The Alliance for a Just Society joins the world in mourning the brutal deaths of nine people murdered in Emanuel African Methodist Episcopal church in Charleston, SC this week. We have in our thoughts and prayers the families and lives of Reverend Clementa Pinckney, Daniel L. Simmons, Ethel Lee Lance, Myra Thompson, Rev. Depayne Middleton Doctor, Tywanza Sanders, Cynthia Hurd, Sharonda Coleman-Singleton.
We may not have known them, but we name them, and vow never to forget the personal victims of racist violence and their stories.
We are appalled by the racist violence and terror. We are angry that more than 50 years since Rev. Martin Luther King Jr. last spoke in that same church that we are still unable to face racism in our country.
Racism dehumanizes and abuses people of color and reinforces vast inequality, while protecting those with power and privilege. Violence, terror and fear are essential pillars of racism – whether it’s the official violence at the hands of the police and military; vigilante violence by the mob, or the action of a “lone gunman.”
But there is no lone gunman. Anyone who has a hand in allowing racism to thrive in any corner of our society, in our homes, our living rooms or taught to our children, has to acknowledge that it must end now. We don’t need any more wake up calls. We have awoken.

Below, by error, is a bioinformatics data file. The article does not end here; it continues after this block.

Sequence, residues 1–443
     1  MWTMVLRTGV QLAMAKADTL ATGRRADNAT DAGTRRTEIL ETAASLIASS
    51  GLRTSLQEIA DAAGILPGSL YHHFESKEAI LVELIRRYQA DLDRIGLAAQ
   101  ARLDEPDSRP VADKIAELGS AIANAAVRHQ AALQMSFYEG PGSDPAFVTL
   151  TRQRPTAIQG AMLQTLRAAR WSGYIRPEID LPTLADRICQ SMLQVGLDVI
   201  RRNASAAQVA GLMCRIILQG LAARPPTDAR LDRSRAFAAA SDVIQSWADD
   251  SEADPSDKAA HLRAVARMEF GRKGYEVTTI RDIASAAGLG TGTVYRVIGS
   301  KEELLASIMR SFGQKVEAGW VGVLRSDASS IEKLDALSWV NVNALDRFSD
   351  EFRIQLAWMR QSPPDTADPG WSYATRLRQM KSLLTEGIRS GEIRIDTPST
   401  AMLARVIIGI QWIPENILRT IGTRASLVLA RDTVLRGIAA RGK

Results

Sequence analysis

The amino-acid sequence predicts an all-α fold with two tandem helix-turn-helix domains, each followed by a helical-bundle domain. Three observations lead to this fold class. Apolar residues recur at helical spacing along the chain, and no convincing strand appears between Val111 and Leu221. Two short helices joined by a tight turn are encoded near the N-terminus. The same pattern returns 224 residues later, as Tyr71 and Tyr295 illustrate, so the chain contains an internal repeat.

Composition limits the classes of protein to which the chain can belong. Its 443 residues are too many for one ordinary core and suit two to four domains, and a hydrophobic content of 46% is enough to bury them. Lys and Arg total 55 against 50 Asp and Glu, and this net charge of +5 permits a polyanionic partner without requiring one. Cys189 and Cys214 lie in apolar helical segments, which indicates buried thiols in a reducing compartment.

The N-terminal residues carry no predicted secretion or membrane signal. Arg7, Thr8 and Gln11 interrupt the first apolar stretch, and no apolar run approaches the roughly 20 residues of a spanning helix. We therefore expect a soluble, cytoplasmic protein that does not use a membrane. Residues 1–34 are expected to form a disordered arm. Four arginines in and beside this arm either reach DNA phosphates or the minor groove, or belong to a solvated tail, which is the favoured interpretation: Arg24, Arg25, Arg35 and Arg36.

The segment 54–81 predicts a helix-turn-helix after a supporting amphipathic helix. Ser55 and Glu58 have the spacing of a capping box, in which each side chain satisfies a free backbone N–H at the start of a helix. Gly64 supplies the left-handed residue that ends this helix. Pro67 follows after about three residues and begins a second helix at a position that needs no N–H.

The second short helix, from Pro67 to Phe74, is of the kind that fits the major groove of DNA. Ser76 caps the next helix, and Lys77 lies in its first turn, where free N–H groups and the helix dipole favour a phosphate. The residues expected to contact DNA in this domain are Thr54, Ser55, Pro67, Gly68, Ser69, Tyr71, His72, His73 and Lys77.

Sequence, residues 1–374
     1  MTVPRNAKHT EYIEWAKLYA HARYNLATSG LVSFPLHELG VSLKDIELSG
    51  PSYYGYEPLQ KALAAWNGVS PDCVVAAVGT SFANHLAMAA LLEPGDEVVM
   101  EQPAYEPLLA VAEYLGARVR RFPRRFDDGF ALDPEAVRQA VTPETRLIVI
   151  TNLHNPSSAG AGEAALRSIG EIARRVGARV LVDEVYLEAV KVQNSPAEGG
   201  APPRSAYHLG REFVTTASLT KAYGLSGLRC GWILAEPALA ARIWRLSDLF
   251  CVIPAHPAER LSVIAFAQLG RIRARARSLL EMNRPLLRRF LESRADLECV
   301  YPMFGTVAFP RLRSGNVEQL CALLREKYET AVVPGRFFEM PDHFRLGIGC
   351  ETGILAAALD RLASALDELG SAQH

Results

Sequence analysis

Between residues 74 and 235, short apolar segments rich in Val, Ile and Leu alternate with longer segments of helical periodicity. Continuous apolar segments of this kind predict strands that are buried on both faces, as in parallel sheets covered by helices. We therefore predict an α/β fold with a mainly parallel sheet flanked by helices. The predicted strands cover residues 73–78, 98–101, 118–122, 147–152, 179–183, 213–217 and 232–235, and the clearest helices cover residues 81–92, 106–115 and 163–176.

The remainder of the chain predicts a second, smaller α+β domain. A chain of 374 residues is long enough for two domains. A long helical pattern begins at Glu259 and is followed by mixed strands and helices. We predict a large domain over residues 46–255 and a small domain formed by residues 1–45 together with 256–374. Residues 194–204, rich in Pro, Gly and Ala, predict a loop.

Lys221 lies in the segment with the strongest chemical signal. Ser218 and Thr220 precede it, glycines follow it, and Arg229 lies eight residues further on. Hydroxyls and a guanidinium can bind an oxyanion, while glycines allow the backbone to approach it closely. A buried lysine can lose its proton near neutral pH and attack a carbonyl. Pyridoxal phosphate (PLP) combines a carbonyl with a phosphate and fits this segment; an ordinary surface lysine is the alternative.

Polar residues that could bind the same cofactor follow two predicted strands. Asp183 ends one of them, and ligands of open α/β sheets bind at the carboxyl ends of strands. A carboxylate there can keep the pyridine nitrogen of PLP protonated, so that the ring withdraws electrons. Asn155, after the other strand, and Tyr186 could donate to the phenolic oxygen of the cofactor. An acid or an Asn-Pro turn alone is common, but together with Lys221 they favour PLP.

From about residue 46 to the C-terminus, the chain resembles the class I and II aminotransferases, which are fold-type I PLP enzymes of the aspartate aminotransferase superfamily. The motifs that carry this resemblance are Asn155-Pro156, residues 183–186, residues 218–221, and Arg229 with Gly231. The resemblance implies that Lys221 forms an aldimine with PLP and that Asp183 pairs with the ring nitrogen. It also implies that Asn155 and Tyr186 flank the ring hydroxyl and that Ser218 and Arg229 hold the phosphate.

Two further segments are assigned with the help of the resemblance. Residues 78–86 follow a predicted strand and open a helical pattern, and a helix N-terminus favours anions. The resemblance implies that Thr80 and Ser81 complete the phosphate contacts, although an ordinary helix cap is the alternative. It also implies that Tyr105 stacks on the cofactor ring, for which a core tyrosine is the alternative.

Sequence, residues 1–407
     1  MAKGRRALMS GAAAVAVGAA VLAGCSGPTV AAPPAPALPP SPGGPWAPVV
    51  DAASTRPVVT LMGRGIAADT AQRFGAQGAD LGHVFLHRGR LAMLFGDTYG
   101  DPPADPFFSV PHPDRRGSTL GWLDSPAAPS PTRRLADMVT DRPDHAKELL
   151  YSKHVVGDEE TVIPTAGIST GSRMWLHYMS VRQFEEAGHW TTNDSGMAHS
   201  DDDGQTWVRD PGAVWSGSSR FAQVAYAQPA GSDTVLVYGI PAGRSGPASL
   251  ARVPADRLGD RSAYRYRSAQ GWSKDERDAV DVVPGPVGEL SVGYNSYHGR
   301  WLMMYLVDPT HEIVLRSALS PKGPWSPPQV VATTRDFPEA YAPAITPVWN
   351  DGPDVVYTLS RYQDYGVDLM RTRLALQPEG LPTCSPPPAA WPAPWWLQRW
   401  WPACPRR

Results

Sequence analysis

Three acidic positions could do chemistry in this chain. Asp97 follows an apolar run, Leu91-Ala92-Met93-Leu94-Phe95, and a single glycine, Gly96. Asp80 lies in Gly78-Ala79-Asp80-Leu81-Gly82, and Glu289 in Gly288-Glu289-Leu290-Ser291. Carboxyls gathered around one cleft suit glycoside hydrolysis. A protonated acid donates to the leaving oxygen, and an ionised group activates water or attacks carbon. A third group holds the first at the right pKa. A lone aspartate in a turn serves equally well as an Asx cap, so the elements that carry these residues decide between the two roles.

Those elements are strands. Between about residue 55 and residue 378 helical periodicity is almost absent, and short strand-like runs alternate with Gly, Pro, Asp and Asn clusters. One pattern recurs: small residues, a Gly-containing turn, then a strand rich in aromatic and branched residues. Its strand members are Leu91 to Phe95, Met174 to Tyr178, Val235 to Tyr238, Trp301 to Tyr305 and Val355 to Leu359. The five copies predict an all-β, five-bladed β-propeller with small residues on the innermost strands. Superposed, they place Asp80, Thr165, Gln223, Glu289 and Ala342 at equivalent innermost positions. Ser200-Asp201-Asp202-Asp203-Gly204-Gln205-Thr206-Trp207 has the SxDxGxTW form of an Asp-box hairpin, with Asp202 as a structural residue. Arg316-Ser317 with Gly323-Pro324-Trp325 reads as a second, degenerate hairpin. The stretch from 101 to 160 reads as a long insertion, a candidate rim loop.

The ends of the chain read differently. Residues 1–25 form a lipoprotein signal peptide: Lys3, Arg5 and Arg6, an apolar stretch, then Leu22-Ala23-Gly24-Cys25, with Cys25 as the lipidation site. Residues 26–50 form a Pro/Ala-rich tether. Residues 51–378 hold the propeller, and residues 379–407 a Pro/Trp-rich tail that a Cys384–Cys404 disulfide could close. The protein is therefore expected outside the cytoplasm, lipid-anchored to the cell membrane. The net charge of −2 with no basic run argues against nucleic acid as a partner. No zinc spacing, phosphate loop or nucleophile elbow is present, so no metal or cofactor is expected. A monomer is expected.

The lost lives of the nine men and women, moms, dads, sisters, uncles, grandparents, brothers, children, friends, teachers, and all that they were and meant, cannot simply be mourned… they must be a catalyst for change – and we must be that change.
Today is the 150th Anniversary of Juneteenth Day, the first celebration of the end of slavery. Yesterday the Supreme Court ruled that Texas can forbid people from putting the Confederate Flag on their state license plates, and yet, many Southern states still fly confederate flags. Our country still struggles to acknowledge that #BlackLivesMatter.
We believe that “no one is free until we are all free.” We’re still not free.